Sure, for the first game, I called myself out when one person was shooting at me. The second game, it took two people shooting at me. The third game, I was actually was hit.

    That ref's advice gave me an out and let me push my comfort zone far further than normal. If I had felt intimidated to keep playing "until I was killed", I probably would have played two games and stopped.

    I love paintball because it put(s) me way outside my comfort zone!

  2. Thanks Legion. I agree that the ref on your first day gave you some good advice. It's a whole lot easier to push comfort zones by small amounts.

  3. I think the biggest reason is that women tend to make decisions to minimize risk while men tend to make decisions to maximize rewards. So if you have a choice between two situations; one where you will never lose any money and 10% of the time you'll win $100, or a situation where 4 times out of 5 you'll win $100 but one time out of 5 you'll lose $100, most women would choose the first situation over the second.

    I could hazard an evolutionary argument here: The female is heavily invested in the survival of offspring, which is enhanced by avoiding negative outcomes (don't take a small risk of death for the mom/child for a larger chance at some more food) while male is the opposite - small risk of death to the male is perfectly acceptable for a larger chance at more stuff.

    And I think this preference effects the activities that each gender considers fun. This isn't something I originally noticed in paintball, but more in noting which computer games have larger percentages of women playing them. Games that involve building things or cooperative efforts appeal to women. Games where other players can cause damage or take your stuff do not.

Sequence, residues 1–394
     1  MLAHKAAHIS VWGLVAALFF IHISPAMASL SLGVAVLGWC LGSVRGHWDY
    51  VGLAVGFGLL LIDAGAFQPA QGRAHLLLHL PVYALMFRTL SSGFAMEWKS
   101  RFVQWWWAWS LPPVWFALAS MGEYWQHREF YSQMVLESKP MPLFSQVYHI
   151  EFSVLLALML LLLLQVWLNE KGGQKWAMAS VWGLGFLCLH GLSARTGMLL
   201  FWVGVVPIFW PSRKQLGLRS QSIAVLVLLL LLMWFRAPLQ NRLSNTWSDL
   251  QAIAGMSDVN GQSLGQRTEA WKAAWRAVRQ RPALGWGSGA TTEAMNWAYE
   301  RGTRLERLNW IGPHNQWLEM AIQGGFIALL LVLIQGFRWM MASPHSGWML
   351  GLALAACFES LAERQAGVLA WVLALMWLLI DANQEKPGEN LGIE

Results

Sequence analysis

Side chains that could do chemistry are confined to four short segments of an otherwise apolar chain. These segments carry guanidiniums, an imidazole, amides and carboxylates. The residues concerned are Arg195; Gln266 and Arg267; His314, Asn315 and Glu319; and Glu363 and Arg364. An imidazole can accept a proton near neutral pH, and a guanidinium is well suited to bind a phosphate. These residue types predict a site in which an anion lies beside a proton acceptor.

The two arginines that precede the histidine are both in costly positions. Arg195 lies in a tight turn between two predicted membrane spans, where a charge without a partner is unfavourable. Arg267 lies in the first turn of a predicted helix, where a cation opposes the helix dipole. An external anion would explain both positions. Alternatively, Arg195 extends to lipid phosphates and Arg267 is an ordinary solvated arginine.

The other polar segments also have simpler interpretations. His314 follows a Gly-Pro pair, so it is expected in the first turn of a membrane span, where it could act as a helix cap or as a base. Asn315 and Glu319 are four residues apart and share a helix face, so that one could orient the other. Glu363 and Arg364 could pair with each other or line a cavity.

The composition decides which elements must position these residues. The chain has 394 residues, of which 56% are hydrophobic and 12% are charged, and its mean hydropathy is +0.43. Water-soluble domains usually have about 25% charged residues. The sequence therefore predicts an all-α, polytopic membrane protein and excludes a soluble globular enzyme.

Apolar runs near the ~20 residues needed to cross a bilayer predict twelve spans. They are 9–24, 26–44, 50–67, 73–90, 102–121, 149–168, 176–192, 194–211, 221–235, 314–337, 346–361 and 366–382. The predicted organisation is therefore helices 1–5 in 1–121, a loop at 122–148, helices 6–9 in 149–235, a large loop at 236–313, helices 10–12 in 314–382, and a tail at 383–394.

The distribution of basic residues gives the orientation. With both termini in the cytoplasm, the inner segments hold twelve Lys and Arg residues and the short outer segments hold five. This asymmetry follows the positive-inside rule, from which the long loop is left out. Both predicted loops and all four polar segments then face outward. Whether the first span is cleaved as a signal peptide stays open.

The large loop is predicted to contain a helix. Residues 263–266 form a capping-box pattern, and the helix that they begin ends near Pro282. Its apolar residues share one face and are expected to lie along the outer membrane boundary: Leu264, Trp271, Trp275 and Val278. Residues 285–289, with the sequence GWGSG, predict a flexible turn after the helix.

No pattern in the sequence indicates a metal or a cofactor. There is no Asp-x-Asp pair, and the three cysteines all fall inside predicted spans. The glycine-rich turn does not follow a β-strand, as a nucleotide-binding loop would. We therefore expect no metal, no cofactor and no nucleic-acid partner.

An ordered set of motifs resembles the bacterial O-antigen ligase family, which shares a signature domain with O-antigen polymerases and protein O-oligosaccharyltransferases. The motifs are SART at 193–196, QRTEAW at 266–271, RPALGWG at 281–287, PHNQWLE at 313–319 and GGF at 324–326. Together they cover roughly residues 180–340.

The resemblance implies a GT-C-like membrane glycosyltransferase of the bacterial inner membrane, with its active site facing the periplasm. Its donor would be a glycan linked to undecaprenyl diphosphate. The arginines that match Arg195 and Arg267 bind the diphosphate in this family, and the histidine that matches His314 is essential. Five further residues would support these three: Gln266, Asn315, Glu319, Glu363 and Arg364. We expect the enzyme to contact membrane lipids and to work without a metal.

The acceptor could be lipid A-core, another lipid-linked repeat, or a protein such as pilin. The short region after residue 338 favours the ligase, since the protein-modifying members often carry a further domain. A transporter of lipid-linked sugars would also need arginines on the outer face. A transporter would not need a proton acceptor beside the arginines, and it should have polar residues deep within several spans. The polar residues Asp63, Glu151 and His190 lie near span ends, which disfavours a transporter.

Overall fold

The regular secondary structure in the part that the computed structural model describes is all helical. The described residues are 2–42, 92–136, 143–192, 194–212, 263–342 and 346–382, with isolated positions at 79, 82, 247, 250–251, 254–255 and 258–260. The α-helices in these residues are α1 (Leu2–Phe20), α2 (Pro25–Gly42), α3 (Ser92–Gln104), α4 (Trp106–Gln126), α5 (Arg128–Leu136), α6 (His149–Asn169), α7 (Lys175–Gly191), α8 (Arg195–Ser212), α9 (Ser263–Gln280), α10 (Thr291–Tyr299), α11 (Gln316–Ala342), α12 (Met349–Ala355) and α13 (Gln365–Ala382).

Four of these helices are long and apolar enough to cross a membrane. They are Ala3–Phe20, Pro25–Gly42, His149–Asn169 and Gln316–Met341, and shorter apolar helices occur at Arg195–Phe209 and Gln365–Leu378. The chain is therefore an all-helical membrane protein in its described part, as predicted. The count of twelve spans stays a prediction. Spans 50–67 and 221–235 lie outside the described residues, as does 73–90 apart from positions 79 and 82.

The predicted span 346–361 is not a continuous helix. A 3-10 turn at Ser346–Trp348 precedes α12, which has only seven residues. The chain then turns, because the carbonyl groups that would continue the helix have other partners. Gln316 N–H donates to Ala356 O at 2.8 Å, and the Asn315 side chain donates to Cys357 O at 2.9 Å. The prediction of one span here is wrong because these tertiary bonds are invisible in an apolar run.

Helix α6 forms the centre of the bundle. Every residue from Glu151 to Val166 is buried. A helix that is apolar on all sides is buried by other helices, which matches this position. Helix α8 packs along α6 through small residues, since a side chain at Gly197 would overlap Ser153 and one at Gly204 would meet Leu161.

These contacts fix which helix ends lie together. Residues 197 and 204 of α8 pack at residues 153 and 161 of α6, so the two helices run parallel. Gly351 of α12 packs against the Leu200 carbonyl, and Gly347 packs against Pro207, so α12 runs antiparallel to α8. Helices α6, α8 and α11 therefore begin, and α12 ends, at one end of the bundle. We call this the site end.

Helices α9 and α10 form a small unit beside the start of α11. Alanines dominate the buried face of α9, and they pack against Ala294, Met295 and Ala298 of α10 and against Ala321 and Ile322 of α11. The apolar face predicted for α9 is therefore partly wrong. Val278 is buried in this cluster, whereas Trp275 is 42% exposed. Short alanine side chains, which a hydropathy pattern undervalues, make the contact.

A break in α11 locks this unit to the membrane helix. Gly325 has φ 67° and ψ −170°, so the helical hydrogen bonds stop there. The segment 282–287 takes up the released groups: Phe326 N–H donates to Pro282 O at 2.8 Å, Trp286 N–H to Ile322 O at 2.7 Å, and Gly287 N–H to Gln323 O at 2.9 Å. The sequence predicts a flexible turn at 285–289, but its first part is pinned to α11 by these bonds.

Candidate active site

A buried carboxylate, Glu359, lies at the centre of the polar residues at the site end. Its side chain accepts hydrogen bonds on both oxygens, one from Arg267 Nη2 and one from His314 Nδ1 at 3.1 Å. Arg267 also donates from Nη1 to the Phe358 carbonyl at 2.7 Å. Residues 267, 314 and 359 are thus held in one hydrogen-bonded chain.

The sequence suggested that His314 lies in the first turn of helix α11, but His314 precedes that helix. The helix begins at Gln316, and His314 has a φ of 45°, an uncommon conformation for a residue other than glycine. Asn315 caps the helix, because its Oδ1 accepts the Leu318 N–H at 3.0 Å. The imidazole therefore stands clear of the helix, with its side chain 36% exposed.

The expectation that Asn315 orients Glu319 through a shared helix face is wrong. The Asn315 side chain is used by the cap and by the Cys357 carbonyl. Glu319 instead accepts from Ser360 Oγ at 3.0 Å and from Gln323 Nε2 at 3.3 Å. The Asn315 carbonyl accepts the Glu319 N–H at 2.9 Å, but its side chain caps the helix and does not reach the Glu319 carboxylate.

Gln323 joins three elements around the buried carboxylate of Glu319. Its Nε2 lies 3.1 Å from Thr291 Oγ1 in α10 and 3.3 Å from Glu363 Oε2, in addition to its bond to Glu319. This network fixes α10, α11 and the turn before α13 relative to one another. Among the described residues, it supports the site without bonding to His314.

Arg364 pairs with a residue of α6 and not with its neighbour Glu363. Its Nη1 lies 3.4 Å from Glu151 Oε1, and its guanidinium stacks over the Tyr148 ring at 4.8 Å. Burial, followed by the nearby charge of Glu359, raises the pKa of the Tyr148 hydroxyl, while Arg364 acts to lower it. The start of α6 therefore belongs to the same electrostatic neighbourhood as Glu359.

If you look at the demographics of people who play laser tag vs paintball, you'll see a lot more women playing laser tag. In most laser tag setups, there is no winning team, no flags, no real score, everyone just runs around for 30 minutes. Paintball has "out" and "lose".

    I bet if the standard variant of paintball was 30 minute games with infinite re-insertions that women would find it more attractive.

    (Obviously this isn't true for ALL women, but I do think it's a trend.)

  4. raehl, much of what you said makes a lot of sense. I do believe women in general, have a stronger nurturing instinct. Women have since the dawn of time been the caregivers in societies. They preserve life and rarely risk it. In general thye probably take less other risks as well. I'm not sure what the statistics for compulsive gamblers are, but I bet there are more problem male gamblers than there are female gamblers.

    I'm not so sure I would agree that we would see much of an increse in women playing paintball if we allowed everyone to re-enter the game once they've felt the "pain" of elimination, for the opportunity to feel that "pain" over and over again. There is no pain in lasertag and it is for that reason that we see many more women willing to take part in lasertag than paintball.